“i read somewhere that everybody on this planet is separated by only six other people. six degrees of separation between us and everyone else on this planet. the president of the united states, a gondolier in venice, just fill in the names. i find it A) extremely comforting that we’re so close, and B) like chinese water torture that we’re so close because you have to find the right six people to make the right connection… i am bound to everyone on this planet by a trail of six people.  it’s not just big names. it’s anyone. a native in a rain forest. a tierra del fuegan. an eskimo. i am bound to everyone on this planet by a trail of six people. it’s a profound thought. how paul found us. how to find the man whose son he pretends to be. or perhaps is his son, although i doubt it. how every person is a new door, opening up into other worlds. six degrees of separation between me and everyone else on this planet. but to find the right six people.”  ouisa kittredge in john guare’s play “six degrees of separation”

i find it impossible to contemplate the notion of six degrees of separation when i am looking at the ocean in this moment.

on the other hand, some ‘big names’ you are now closer to just by knowing me:  bette davis, gloria swanson, christopher reeve, dorothy lamour, ginger rogers, carol channing, rex reed, george clooney, juliana marguiles, anthony edwards, noah wyle, princess grace (true), chuck jones, robert altman, carol burnett, lauren hutton, lillian gish, desi arnaz, jr., mia farrow, phyllis-fucking-diller, jo howard (playmate of the year 1964), henny youngman, erté, leroy neiman, yaacov agam, victor vasarely, alfred eisenstaedt, toby, étienne and quentin crisp.  there may be more, but who cares?


7 stations on the road to the ocean, after hiroshige (day four)

in the short time that your walk along this road allows you, you may find yourself burdened by expectations (praise overwrought), its weight stifling, the proverbial blanket (that puts out the fire); it rarely fans the flames of your creativity (fanning flames already a marker of failure of imagination.)

you may consider the ocean then and its ignorance (blessed) of expectations, its relentlessness, its force, its it (wasn’t that the point of calling so-and-so the ‘it’ girl, they had ‘it’, an undefinable something, true too of the nature of the ocean, would you not agree?)

you’ll have to reach down, far into the pocket where your you resides, feeling around blindly, touching a coin, a piece of string, the prick of the end of a ___ before you feel what it is you were looking for in the first place, the thing that was hidden by other people’s ideas of who you are and what you can achieve (that blanket from paragraph one, remember?)

whether or not you’re able to retrieve it from its inky depths is up to you (or not, it may bubble up on its own, or be thrown from the ocean, like a burp, sudden and unexpected, perhaps a bit of indigestion, acid reflux) to land on the shore, exposed; passersby stopping to stare and point, someone may even call the _________ and they’ll come and throw water over it to keep it alive and wonder how they’ll ever get it back into the water.  (this now the end of that analogy.)

as you walk along the path down to the ocean, you may want to reach back into that pocket (see paragraph 3) and pull it inside out, dumping out the contents, that last bit of lint sticking to your fingertip finally catching the breeze off the ocean and floating away.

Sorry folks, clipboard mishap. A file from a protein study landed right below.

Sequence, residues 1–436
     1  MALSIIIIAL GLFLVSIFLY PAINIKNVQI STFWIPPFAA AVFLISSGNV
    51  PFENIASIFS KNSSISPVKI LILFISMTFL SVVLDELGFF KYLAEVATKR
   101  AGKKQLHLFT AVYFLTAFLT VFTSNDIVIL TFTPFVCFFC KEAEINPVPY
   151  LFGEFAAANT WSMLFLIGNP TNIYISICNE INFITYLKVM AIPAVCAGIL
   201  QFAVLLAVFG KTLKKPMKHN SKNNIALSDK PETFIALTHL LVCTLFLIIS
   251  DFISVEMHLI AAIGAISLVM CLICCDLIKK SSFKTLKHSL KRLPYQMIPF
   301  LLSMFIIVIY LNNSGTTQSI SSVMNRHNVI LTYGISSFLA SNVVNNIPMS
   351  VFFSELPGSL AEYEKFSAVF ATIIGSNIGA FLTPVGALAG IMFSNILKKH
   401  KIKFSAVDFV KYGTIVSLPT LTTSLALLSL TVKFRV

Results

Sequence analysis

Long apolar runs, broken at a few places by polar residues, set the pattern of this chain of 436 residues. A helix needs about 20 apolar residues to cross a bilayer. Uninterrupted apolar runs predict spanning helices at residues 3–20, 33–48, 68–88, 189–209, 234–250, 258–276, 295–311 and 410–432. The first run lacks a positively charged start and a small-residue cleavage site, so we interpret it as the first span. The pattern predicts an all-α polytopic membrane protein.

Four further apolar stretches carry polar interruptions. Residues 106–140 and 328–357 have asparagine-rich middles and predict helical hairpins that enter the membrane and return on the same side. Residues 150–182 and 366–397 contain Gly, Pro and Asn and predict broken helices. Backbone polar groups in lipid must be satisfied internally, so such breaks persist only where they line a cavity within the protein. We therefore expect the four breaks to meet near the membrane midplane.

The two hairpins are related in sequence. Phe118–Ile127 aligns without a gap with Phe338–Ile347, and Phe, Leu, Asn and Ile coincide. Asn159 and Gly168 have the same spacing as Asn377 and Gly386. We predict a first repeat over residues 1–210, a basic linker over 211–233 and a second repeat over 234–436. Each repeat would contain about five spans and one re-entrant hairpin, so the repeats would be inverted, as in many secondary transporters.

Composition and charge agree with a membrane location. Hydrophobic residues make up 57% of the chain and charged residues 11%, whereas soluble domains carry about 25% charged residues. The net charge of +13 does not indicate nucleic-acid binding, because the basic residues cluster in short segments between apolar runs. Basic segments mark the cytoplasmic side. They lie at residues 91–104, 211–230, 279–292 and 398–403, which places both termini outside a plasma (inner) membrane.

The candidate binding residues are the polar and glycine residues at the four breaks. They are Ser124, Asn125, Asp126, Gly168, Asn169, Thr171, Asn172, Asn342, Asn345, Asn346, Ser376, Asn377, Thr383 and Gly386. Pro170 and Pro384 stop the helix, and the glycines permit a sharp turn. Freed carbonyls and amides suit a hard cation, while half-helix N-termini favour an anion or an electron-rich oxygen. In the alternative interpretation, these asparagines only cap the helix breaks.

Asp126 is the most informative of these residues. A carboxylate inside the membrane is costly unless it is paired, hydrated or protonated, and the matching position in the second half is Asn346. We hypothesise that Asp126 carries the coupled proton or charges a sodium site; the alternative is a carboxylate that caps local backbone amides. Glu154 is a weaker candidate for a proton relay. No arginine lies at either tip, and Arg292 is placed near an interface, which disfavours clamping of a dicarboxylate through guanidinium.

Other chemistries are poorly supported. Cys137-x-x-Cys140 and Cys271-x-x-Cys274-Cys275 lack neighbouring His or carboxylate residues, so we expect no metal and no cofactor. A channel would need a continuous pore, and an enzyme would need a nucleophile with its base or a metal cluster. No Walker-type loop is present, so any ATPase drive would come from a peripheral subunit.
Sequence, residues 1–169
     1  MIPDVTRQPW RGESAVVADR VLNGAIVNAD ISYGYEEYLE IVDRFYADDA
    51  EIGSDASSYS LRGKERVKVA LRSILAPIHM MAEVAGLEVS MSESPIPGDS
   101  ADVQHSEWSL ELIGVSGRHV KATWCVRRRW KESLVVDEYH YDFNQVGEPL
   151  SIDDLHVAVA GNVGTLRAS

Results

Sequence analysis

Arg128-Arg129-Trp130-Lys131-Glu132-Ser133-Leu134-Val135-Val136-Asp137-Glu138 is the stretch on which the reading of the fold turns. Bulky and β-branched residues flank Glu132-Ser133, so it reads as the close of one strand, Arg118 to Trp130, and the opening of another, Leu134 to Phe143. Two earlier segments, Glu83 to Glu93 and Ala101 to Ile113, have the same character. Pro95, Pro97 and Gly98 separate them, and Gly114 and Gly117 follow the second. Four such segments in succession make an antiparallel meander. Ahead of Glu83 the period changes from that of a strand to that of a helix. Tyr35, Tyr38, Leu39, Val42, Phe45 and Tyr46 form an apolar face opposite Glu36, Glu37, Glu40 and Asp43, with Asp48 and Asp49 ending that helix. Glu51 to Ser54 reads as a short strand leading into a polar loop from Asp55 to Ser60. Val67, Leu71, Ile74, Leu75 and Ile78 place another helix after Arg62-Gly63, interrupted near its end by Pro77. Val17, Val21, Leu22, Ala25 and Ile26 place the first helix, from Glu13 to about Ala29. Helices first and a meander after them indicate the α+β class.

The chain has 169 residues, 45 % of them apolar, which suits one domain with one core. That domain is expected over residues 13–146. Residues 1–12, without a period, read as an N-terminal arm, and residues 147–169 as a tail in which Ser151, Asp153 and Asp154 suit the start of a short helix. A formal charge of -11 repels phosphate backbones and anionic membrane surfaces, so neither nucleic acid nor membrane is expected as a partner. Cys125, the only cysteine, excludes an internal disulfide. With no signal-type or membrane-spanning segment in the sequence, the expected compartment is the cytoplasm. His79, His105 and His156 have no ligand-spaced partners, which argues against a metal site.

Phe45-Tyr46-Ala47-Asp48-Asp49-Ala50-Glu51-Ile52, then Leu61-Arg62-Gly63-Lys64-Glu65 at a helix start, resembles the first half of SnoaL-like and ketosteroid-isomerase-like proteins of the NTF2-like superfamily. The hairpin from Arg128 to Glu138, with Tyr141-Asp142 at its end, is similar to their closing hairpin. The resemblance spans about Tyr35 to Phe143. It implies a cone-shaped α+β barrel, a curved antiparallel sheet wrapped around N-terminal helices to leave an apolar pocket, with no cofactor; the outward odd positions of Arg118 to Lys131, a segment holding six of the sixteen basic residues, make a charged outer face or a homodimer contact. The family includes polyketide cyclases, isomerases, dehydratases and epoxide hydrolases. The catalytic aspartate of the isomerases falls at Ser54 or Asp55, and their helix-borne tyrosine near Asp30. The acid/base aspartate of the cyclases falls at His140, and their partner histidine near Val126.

7 stations on the road to the ocean, after hiroshige (day one)

you leave the world behind you (lot’s wife’s view, should you turn your back to where you’re headed and look instead at what you’re leaving behind–without the drama of fleeing from the burning hell of sodom and gomorrah and that pillar of salt threat, obvsly.)  what you are setting aside, turning away from, is not, visually at least, as awful as one might think,   it has its charms, its beauty, it’s home after all, but when you do turn your back on it (as we will) you feel a lift, there is a flutter of anticipation — not just brought on by standing up too fast –in your heart, that heady combination of fleeing and arriving.

once the day has begun the sound of the ocean dissipates, even though it looks as if you could throw a rock into it from this height, but that roar and boom (shot from a circus cannon) is replaced by the constant thrum of motors, tires on pavement, the engines of commerce heard from as far away as the freeway miles behind you (city dwellers don’t know true silence, do they? neither do those who live closer to the land–only if you listen deeply and you do have to want to listen deeply or you’ll miss the constant hum of the earth.)

but now, as you walk toward the ocean, even when you briefly turn your back on it to see where you’ve been, the crunch of your footfall on the path keeps beat with the rhythm of your heart–should you be accompanied by a four-footed companion–you’ll also have their snuffling as a counterpoint to your tempo, but it all comes together, sweetly and simply.  (i do think that parts of you start to fall off of your body at about this point in your walk to the ocean; the failures, the missed opportunities, the little procrastinations and white lies — even those that keep society civil, all these plus your petty battles for ascendancy, those small triumphs that bolster your insupportable ego, all of that begins to molt so quietly that you’ll not even notice the shadow of their feathered flight on the wind coming up from the ocean below.)


impressions of a morning walk with joey and billy; birdsong, bees buzzing, the ocean, a tangerine door, sun and palms



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© Robert Patrick, and Cultivar, 2008-2013. Unauthorized use and/or duplication of this material without express and written permission from this blog’s author and/or owner is strictly prohibited. Excerpts, photographs and links may be used, provided that full and clear credit is given to Robert Patrick and Cultivar with appropriate and specific direction to the original content.